For those who need a recap: Boy meets adoring, obliging apple tree and eventually, through a combination of utter impotence and blatant manipulation, makes off with her branches, her trunk and, of course, the literal fruits of her labor. (I’m not even going to get into the biblical implications of Silverstein’s decision to make the tree of the book’s title apple-bearing.) “And the tree was happy,” reads the last line of the 52-page story, a sentiment repeated by Silverstein so many times that it sends some, like me, into paroxysms of reflexive indignation.
Of course, maybe we’re just projecting, but to those who would say that Silverstein’s book is a moving, sentimental depiction of the unyielding love of a parent for a child, I’d say, Learn better parenting skills. To those who defend it as a warts-and-all parable lamenting man’s inhumanity to man — or, perhaps, man’s inhumanity to woman — I’d say that I’m not so sure Silverstein, who dedicated the book to a former girlfriend, “Nicky,” was writing an indictment of what men assume they can get way with. The boy uses the tree as a plaything, lives off her like a parasite, and then, when she’s a shell of her former self and no longer serves any real purpose, he sits on her — which makes her happy? (“That book is the epitome of male privilege,” a friend groused.)”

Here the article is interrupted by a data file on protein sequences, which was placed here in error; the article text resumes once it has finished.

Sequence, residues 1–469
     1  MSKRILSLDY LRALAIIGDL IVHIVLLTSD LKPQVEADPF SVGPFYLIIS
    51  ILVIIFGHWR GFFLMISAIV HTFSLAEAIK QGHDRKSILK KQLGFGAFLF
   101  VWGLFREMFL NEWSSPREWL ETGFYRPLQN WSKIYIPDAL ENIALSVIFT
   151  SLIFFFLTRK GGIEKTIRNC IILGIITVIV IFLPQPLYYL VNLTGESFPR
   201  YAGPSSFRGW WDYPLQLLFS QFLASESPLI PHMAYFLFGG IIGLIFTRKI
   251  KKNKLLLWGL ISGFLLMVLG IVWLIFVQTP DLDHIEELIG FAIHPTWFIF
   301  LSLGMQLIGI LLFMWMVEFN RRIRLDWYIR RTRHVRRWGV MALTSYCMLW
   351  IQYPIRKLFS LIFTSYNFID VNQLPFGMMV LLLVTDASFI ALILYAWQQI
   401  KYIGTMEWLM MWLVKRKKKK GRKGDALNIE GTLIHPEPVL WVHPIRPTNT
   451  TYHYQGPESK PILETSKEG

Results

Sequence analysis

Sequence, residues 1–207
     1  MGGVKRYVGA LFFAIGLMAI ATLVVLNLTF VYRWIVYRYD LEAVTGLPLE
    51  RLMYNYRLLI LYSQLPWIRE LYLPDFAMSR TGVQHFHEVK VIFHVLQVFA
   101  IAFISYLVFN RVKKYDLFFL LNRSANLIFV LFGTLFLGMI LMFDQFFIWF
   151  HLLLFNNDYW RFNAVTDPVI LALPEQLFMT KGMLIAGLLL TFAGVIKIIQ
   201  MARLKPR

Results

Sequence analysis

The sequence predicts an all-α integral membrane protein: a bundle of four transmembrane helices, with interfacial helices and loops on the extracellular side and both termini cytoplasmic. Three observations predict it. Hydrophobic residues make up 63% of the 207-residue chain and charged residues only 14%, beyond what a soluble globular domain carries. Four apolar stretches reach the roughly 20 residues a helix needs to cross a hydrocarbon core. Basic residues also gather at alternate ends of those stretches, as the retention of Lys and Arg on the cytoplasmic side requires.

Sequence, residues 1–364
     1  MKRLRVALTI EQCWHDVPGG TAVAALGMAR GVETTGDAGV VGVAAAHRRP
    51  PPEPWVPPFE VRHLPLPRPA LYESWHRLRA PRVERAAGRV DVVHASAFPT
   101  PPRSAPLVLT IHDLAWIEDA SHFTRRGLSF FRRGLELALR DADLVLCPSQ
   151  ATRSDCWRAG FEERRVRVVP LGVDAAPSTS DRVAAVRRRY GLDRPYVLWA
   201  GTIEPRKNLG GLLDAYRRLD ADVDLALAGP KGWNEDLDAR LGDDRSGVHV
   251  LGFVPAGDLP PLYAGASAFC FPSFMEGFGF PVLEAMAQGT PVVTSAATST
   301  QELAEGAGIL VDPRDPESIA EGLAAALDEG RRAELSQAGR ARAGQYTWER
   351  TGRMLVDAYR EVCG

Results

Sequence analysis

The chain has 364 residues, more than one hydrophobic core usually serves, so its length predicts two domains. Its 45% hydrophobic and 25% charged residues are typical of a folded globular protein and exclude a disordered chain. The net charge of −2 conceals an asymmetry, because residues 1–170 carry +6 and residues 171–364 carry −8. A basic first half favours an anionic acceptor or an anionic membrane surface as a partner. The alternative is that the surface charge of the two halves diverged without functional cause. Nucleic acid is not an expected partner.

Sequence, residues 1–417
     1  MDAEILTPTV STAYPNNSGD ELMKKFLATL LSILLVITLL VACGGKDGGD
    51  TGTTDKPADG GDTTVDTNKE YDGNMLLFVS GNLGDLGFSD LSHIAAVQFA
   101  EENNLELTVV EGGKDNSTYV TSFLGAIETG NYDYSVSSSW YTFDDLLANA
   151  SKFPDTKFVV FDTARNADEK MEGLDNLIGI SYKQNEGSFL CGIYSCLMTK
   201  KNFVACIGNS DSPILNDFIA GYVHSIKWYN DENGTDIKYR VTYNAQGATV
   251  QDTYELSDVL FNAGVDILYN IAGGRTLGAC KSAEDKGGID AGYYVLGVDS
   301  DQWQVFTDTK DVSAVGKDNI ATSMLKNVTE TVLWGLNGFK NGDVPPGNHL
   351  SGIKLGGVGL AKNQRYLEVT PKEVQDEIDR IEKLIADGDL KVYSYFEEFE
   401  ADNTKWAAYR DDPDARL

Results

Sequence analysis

Go to other countries. Not a typical backpacking tour. Planned tour
means you will hang with Americans on bikes and flirt with drunk
Germans and someone will steal your Levi’s in the hostel and a guy
from Poland will sock you in the face while bad techno plays
everywhere and you will learn nothing except that your face hurts and
not everyone showers. Get into other cultures and talk politics and
love. Meeting other people is the only way to know if you believe what
you believe cause it’s been handed to you, or if it really rings true
in your heart.
Getting lost should be seen as a sweet chance to be found.
Remember, you belong everywhere.”